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This article in SSSAJ

  1. Vol. 37 No. 6, p. 919-923
     
    Received: Mar 5, 1973
    Published: Nov, 1973


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doi:10.2136/sssaj1973.03615995003700060035x

Wind Erosion as a Factor in Soil Formation in the Pierre-Shale Landscape of Western South Dakota1

  1. E. M. White2

Abstract

Abstract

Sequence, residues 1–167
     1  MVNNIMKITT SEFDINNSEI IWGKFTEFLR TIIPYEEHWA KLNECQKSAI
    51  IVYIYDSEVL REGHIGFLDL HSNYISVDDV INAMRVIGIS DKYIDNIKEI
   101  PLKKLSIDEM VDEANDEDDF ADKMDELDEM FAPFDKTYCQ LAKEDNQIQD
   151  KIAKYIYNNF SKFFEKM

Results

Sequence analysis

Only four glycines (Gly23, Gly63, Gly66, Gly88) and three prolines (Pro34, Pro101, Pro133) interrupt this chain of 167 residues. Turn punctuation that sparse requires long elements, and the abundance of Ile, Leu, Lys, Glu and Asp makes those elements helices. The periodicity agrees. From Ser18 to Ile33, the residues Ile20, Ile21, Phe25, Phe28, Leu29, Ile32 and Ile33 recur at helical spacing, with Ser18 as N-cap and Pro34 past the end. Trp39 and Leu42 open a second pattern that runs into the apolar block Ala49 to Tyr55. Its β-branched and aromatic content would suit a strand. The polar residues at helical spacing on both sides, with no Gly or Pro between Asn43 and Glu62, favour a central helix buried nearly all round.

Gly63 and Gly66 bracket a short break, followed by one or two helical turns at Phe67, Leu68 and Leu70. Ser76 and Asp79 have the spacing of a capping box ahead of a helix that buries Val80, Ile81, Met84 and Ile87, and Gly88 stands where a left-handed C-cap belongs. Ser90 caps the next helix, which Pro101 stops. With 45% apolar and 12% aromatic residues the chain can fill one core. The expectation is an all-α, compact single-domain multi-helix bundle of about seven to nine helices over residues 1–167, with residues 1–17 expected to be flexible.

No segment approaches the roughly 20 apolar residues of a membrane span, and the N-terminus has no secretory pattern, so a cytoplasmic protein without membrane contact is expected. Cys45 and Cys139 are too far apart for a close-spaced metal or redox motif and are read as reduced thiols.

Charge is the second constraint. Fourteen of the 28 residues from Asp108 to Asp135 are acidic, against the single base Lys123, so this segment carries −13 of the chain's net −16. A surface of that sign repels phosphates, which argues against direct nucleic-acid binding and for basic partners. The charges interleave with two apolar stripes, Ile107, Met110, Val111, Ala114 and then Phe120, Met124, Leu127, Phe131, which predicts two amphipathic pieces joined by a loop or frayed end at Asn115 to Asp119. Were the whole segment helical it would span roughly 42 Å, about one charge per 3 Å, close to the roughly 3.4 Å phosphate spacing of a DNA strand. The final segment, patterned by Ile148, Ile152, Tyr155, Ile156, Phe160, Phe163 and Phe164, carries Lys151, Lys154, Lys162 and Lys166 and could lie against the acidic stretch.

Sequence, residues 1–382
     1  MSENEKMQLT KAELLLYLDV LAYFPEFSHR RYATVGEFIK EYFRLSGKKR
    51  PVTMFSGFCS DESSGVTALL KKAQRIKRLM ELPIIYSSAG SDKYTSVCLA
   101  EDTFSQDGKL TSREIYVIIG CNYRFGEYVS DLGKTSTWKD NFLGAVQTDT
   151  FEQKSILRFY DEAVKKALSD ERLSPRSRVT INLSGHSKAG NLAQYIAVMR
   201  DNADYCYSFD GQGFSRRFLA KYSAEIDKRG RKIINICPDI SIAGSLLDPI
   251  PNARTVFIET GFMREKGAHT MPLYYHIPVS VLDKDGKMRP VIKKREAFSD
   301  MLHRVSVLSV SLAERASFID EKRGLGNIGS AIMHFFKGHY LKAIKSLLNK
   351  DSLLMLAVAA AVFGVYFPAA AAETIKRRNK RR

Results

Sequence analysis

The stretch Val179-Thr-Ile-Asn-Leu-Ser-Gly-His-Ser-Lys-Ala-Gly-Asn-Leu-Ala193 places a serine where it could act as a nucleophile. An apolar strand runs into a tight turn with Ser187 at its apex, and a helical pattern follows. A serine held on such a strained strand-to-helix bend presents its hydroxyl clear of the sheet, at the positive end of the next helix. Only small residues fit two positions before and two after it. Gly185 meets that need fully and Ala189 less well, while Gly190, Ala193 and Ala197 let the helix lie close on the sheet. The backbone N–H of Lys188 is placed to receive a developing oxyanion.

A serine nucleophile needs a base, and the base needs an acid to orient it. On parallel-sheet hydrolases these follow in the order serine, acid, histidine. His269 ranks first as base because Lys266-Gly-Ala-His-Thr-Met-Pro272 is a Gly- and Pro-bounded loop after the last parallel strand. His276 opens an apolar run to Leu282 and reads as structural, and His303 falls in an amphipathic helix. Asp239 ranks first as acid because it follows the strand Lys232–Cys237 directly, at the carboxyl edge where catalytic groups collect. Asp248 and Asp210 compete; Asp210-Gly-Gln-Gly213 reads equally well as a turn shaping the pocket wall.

Slopes exposed to the prevailing NW-SE winds in the Pierreshale landscape of western South Dakota have been eroded at a slow rate when vegetation was either destroyed by fire or weakened by drought since at least the Pleistocene. Slopes protected from the prevailing winds have had negligible wind erosion except in areas where severe erosion created deflation basins. These blowout basins are limited to small interfluve areas, a few square miles in size, which probably had a thick layer of loose, sand-size fissile-shale fragments that winds could erode. Soils in areas with blowout basins usually are more weakly developed, have shale at shallower depth, have little or no gilgai development, and appear to be younger than soils in comparable areas without deflation basins. Thus, the soil age in these areas is less than would be predicted from the geomorphic relationships to Pleistocene terrace systems. Soils in one area with deflation basins have development comparable to soils derived from late-Wisconsin drift.

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